Republicans considered this proposal unconstitutional. A strong banking system, that would provide a abundant credit. A protective tariff, for eastern manufacturing would flourish. More roads and canals, more in the Ohio Valley. 3. Monroe, Sectionalism, and the Missouri Compromise (pp. 242–246) a. The Panic of 1819 was caused largely by over speculation in western lands. (Note that financial panic, or economic depression, is a recurring theme that you will observe occurring every twenty to thirty years or so.
Many consider it the “curse of capitalism. ” Yet another recurring theme introduced here for the first time is the sectional controversy between North and South over the admission of new states as slave or free— a question which was primarily one of political and economic power, but which increasingly took on a moral character leading to the Civil War. ) With its booming population, the North was gaining power in the House of Representatives by 1820, while the South was only able to retain equal power in the South.
New states east of the Mississippi had been admitted alternately slave and free to keep a balance, but Missouri, the first new state to be carved out of the Louisiana Purchase, threatened to upset this balance. What were the three elements of the 1820 Missouri Compromise fashioned by Henry Clay? Missouri as a slave state. The Free-soil Maine All future bondage was prohibited in the remainder of the Louisiana Purchase north of the line of 36 degree 30 and the southern boundary of Missouri. 4. Nationalism and the Supreme Court (pp. 47–251) Because he was its first major interpreter, the authors call Chief Justice John Marshall the principal “Molding Father” of the Constitution. In the case of McCulloch vs. Maryland (1819), Marshall used Hamilton’s “Loose construction” of the Constitution to declare the Bank of the U. S. constitutional because Congress had the right to do anything “necessary and proper” to carry out its functions. Also, the federal government today influences many aspects of our lives (like meat inspection and product labeling, for example) through a drastic expansion of its constitutional power to control interstate commerce.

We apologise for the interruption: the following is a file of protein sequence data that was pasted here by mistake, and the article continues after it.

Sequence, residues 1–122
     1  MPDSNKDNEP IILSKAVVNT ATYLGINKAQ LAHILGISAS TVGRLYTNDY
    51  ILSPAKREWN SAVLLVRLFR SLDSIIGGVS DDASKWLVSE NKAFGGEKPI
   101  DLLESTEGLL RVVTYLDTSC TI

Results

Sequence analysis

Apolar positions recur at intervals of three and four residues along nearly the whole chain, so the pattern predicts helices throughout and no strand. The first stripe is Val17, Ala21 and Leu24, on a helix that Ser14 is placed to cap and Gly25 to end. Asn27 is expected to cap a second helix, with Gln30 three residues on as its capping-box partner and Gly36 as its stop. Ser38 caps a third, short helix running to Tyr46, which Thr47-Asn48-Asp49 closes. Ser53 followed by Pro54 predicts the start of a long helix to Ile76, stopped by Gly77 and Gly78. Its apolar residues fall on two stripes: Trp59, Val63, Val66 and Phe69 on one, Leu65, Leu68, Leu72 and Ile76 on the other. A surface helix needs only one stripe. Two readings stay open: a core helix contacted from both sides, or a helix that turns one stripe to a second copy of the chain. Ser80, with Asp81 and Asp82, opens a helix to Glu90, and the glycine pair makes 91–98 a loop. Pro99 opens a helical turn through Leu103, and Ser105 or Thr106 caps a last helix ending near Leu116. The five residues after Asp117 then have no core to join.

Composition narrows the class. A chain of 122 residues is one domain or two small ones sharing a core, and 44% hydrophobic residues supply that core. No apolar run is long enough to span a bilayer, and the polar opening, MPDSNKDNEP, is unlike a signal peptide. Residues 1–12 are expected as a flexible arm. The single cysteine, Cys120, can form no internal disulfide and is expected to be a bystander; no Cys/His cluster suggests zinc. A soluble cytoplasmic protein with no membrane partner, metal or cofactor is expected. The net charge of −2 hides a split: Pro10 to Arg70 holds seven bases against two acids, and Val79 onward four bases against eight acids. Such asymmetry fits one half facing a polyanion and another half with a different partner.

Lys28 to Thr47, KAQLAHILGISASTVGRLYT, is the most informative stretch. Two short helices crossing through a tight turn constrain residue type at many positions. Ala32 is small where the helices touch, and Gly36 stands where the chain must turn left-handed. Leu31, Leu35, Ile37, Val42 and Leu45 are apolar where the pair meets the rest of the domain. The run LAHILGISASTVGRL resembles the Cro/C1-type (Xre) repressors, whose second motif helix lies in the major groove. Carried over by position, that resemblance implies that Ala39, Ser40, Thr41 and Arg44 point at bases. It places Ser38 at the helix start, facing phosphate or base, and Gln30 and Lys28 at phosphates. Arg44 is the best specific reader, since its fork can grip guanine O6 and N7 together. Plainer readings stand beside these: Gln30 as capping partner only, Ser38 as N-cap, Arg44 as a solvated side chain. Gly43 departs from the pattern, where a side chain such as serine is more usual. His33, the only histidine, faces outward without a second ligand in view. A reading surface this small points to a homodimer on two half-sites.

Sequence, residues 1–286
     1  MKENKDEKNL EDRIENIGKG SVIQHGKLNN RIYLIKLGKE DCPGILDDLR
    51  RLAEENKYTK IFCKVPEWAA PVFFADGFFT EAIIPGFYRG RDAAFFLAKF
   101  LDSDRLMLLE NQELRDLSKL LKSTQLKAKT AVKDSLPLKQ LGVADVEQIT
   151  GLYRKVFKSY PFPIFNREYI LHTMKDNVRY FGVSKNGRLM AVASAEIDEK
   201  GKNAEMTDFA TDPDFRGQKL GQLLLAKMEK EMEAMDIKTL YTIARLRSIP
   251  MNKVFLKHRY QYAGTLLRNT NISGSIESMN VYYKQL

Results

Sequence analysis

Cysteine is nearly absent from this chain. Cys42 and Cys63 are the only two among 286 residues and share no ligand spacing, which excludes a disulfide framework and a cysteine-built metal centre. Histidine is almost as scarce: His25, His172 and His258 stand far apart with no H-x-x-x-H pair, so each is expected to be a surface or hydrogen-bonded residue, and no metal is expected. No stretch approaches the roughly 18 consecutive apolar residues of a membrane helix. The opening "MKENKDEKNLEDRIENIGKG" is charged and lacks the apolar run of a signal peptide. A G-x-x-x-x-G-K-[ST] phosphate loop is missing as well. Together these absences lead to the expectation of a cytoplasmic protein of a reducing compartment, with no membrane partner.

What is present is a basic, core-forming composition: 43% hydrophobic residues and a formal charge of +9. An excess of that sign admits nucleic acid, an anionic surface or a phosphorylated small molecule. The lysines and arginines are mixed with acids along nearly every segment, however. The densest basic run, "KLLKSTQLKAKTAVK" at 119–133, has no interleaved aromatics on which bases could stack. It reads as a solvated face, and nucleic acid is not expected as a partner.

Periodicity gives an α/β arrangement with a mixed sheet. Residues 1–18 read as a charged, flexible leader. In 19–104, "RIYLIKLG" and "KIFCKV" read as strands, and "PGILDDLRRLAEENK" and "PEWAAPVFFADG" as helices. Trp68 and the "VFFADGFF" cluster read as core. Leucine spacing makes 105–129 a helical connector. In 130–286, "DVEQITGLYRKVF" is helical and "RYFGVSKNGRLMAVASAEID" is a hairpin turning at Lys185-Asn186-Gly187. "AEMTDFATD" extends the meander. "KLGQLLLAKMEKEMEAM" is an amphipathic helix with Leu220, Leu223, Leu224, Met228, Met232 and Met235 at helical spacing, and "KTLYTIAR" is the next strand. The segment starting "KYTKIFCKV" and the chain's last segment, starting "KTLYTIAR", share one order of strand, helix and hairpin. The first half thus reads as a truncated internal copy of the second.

Marshall first strengthened this interpretation in the 1824 “steamboat” case of Gibbons v. Ogden. 5. Expansion and the Monroe Doctrine (pp. 251–255) a. The expansionist President Monroe (1817-1825) and his Secretary of State John Quincy Adams concluded a treaty with Britain in 1818 which allowed for the joint occupation of the Oregon Territory. With Spanish troops occupied by revolutionary wars to the south, General Andrew Jackson swept across Florida leading to its ultimate “purchase” by the U. S. in 1819 b.
Worried that other European powers would take the place of Spain in the Western Hemisphere, the now-famous “Monroe Doctrine” was issued in 1823 Its two principles were: (1) Noncolonization: The era of colonization in the Americas had ended and uniting season was closed. (2) Nonintervention: Monroe directed the crowned heads of Europe to keep their monarchical systems out of this hemisphere. *** What do you think of the Monroe Doctrine? It allowed for the US to prosper on its own. By what authority, if any, was it issued? National authority